The best learning helps employees, business partners and customers to meet the objectives that they are trying to accomplish. Great learning helps people to “Do Your Job and Do It Right”, or DYJADIR (pronounced “didjadear”).
Youtube is an excellent example of DYJADIR.
Youtube is arguably one of the most popular learning sites on the Internet. It has reached over a billion users in more than 88 countries, reaching more 18-49 year olds than any cable network in the U.S. The site is used by young children teaching each other how to put together new LEGO kits and assemble new creations, but grandparents teaching their families how to cook their traditional dishes and high-tech workers teaching others how to use software applications. In all of these examples, people are trying to accomplish a goal, get their “jobs” done and do it right, and are looking to the advice of experts for help.
Micro learning is an example of DYJADIR.
Micro Learning is an approach to learning that creates small bites of learning that address a single objective and can be consumed on demand. What makes micro learning exciting is that it has the potential to deliver just what the person needs (nothing more and nothing less) just when they need it. It’s driven by the learner expressing some curiosity or a need to achieve a goal. It helps them in the moment of need. Many of the Youtube videos mentioned previously are examples of micro learning, as well.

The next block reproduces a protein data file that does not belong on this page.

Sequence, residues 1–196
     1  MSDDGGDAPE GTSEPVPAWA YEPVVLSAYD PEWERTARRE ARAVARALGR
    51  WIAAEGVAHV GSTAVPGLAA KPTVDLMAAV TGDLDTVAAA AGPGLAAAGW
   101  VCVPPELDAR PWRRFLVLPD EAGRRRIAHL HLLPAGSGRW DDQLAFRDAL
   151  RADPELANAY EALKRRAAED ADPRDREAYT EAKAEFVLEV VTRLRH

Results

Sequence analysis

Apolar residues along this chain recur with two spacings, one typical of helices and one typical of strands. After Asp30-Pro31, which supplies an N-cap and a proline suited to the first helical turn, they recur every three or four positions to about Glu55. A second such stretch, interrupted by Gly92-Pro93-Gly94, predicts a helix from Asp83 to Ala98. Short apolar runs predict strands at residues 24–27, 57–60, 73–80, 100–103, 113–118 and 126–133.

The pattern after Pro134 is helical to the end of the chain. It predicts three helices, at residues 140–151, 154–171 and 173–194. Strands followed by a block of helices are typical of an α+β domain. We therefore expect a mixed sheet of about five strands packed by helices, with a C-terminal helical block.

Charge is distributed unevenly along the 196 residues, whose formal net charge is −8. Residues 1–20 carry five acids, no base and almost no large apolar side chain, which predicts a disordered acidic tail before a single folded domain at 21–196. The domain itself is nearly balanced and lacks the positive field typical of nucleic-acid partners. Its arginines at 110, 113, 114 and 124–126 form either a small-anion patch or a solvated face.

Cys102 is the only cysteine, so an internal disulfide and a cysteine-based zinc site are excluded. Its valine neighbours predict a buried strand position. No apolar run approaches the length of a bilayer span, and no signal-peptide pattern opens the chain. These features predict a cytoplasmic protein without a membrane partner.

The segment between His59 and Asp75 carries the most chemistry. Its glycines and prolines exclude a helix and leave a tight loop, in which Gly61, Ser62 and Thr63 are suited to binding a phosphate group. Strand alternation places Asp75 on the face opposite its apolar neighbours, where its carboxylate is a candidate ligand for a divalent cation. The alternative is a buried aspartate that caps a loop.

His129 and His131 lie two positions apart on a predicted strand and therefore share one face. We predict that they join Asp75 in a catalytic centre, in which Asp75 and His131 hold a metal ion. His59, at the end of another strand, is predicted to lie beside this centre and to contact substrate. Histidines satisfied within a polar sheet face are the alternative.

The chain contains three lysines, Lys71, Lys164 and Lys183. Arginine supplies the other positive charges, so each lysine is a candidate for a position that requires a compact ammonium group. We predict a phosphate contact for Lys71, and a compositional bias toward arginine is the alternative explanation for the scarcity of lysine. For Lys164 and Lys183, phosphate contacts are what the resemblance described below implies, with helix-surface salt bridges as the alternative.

Content is king.
Several years ago, a large enterprise rolled out a major release of a network management product. The enterprise spent substantial effort on formal instructor-led training for business partners and customers. The course book was professionally executed by the learning team, well written, instructionally-sound with amazing graphics. The course received 4’s and 5’s on a Level 1 evaluation “smile sheets.”
Towards the end of the training, the learning team hosted a Q&A with development subject matter experts (SMEs). At one point, a business partner asked a question about the interactions between daemons (background processes) and databases. Other business partners sat forward in their seats, completely engaged. The SME pulled out a crumpled old, coffee-stained printout of a database schema that showed the interactions and redrew parts of his diagram on the whiteboard. Business Partners flocked to the speaker’s stand, asking for copies of the paper. It was one of the most successful sessions of the entire training event.
The moral is, content is king. People typically want training that will help them to accomplish their goals, “do your job and do it right” or DYJADIR.
Evaluate shiny objects with healthy skepticism.
Though continuous improvement and innovation are key elements of Dark Learning, it’s important for learning teams to consider and evaluate shiny technology objects with a healthy skepticism.
A few months ago, a sales professional reacted to gamification intended to motivate him to meet his quota. There was a leader board that boldly identified who was ahead for the period, what the goals were and how close each person was to achieving targets. The sales professional candidly stated, “This doesn’t make a difference to me. I’m plenty motivated already and that board is irrelevant. If I don’t make my sales quota, I can’t pay my bills.”
Yes, there are times where gamification can encourage the desired behaviors. But, adopting technology because it’s “the latest thing” can be a wasteful mistake.
Dark Learning focuses on DYJADIR.
Dark Learning is fixated on helping people to get their jobs done as transparently, efficiently and seamlessly as possible.